City to reconsider water rates

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In a discussion that lasted until midnight Monday, Pearland City Council reconsidered a new water and wastewater fee schedule that local businesses says heavily punished them.

Getting actual revenues to match the city’s costs are the main driver behind proposed water and sewer rate changes, city officials say, but business owners argue the new rates are particularly harsh on commercial properties.

Representatives from the Pearland Chamber of Commerce and a number of businesses attended to speak against the rates that would impact them in particular during the first reading of the new rate ordinance held Monday night. The proposed new fee schedule charges base rates by meter size.

One business owner referred to the changes as a “residential subsidy.” Several urged the council to consider other options.

“I know water is going to get more and more expensive as the years go by,” Chamber CEO Carol Artz Bucek told the council. “But I would like for you to come up with a more equitable way for you to increase your water rates for everyone.”

“I’m not opposed to seeing if there’s another scenario so we’re not necessarily having businesses subsidize the whole enchilada,” Councilman Greg Hill said.

Staff explained larger meter sizes of commercial properties mean more water must be always available at one time.

“If you have a hotel, you’re demanding more of the system at one time,” City Manager Clay said.

Regardless, other council members agreed the proposed rate structure was worth another look.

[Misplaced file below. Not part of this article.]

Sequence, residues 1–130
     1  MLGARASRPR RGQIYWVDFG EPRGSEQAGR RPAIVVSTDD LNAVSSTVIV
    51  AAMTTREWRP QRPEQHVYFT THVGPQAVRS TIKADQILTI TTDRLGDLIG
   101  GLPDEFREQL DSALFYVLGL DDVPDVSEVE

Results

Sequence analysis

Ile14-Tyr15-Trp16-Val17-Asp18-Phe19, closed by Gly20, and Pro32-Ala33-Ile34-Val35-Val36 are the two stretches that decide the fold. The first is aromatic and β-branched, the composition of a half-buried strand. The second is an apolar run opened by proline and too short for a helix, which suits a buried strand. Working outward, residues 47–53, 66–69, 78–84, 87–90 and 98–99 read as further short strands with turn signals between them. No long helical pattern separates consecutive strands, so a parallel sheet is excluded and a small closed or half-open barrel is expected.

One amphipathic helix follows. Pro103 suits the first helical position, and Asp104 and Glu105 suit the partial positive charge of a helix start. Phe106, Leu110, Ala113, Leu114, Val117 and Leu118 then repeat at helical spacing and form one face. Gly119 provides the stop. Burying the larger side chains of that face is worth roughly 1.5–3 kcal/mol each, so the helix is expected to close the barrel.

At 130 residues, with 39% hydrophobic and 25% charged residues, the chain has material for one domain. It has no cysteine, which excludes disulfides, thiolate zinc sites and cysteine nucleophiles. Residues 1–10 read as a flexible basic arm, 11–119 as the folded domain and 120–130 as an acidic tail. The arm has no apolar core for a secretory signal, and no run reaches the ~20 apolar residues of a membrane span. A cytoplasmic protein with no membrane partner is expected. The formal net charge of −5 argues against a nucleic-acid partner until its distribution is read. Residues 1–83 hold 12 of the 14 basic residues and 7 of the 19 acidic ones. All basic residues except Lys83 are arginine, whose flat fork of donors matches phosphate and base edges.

Monday’s postponement of a first reading means a revised version would get only one reading in order to be passed in time to be included in the budget, which must be adopted before the fiscal year begins on Oct. 1.

The next reading of a new rate schedule is Sept. 19.

“The big driver is operational costs,” assistant city manager Trent Epperson said during a feedback session on rates, “making sure we maintain the equipment we have today. In past years, there was a lot of maintaining through the day.”

The new rates are based on a cost study done in February, but some citizens say they are being hit with “astronomical” increases. One resident who spoke Monday compared her eventual water bill to “having another electric bill.”

“There’s not a whole lot of fluff in this budget,” Pearson told the council. “We’re trying to take in enough to maintain what we have.”

Also on Monday, Council held a first reading of its proposed city budget and tax rate Monday, with a second and final reading expected on Monday, Sept. 19.

The proposed tax rate of 68.12 cents per $100 of valuation – lower than the current rate but still 2 cents higher than the rollback rate – required two public hearings that drew mixed reviews from residents. The rate covers both city operations and maintenance, which pays for public safety, street and traffic engineering, and for debt, which is payments for capital improvements.

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Story by Nicole Jones

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